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Pac-12 Networks Q&A With Makers Of Varsity Days

For Pac-12 Networks' series ‘Varsity Days,' Vice President of Programming & Development Dustin Rocke, Director of Archives Patrick Phillips and Show Producer Bob Schmelzle collectively worked on the project, from obtaining the footage from campus archives to restoring and repurposing the content into an engaging series that brings classic footage of Pac-12 players and teams back to life for a modern audience. Below, Rocke, Phillips and Schmelzle each give their perspective in the creation of the series:


(Thanks to Emily McLaughlin at Pac-12 Networks for setting up this interview!)

Q: Where did you find all this archival footage? Was it just sitting in a storage room somewhere?

A: Dustin Rocke, Pac-12 Networks Vice President of Programming & Development: We found great archival footage in a number of places - video service departments on campuses and athletic department archives. We even found some footage in the vault at the Pac-12 Conference Headquarters. We've had to literally dust off some of the film reels we've come across.

A: Patrick Phillips, Pac-12 Networks Director of Archives: Some schools have detailed and organized archives while other schools have been renovating their athletic facilities and so the old footage has been moved around. Sometimes we had to dig deep, and in strange places. But everyone was very helpful and gave us everything they could find.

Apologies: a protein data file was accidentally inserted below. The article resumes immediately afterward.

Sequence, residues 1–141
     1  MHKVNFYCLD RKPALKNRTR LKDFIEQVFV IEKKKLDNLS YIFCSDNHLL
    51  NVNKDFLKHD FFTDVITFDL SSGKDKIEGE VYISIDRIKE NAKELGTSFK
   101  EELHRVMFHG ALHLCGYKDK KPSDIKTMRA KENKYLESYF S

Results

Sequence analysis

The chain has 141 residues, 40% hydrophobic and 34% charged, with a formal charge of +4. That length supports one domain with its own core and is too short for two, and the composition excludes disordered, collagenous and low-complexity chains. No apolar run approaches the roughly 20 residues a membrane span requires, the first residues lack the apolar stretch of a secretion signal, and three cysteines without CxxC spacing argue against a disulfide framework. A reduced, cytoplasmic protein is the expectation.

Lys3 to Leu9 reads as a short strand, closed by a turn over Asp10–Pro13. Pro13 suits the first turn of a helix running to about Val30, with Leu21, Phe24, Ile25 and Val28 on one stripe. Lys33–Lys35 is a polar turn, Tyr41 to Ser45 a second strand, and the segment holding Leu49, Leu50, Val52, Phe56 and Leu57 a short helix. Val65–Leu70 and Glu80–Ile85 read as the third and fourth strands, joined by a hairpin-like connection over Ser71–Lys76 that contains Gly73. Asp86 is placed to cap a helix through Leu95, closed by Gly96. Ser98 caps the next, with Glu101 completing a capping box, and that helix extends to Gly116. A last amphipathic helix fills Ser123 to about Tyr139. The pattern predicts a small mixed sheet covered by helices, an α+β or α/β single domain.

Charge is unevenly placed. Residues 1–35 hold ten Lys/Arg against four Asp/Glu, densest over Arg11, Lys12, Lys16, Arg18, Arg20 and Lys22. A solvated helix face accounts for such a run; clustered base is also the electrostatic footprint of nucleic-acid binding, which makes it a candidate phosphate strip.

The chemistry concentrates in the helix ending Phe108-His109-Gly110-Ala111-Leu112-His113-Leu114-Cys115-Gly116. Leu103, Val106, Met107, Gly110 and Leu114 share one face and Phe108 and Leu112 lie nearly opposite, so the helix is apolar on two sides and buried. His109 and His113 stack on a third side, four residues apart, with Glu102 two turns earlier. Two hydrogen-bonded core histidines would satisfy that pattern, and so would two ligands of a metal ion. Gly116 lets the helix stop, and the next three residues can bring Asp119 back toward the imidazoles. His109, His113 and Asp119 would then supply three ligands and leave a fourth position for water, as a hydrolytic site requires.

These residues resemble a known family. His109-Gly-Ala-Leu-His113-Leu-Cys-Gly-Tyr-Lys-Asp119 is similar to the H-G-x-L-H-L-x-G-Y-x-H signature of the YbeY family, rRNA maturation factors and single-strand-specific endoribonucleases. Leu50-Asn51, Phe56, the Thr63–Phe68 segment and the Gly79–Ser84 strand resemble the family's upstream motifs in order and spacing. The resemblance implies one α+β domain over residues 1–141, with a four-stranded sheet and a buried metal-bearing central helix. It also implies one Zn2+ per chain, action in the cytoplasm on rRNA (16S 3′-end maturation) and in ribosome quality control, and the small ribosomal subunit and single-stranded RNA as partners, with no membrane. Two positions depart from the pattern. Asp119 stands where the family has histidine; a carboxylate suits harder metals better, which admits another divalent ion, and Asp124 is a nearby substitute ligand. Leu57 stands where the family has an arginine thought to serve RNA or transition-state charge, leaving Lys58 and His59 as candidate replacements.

Q: What was the aim of the project? What were you looking to accomplish?

Rocke: The goal was to let fans relive some of their favorite memories. We've seen an unexpected level of interest from the younger fan base as well, which is cool. The new generation of Pac-12 fans is taking an interest in the rich history of the conference.

Bob Schmelzle, Producer of Varsity Days: Patrick Phillips and I came across season review films that the conference and schools produced and I approached Dustin Rocke about the idea for a series. A majority of these films have not been seen in decades and I thought it would be a great way to show the history of the conference. We all agreed it would make great summer programming leading up to the football season.

Phillips: Our producers Michael Tolajian and Bob Schmelzle did a fantastic job of creating a show with its own identity. They brought in Rick Neuheisel to host. Rick played at UCLA, coached at three different Pac-12 schools, and is now an analyst so he was the perfect choice to share these stories. In addition, informational graphics provided statistics and trivia facts that augment the storylines and help immerse the viewer into what college football, and life, was like back during the 60s, 70s and 80s.

Q: Have there been demands for particular seasons from football fans? Are there any teams that stand out above the rest?

Rocke: The predictable favorites are from championship years for teams like Washington and USC, and from the 70's, when the Pac-8 (and eventually the Pac-10) conference won nine Rose Bowls. Revisiting the facial hairstyles of yesteryear is entertaining as well. Aside from standout teams or seasons, we get to see guys like Dan Fouts, Marcus Allen and John Elway before they were household names. Our archives team continues to track down footage, and we hope to continue rolling out new episodes for years to come.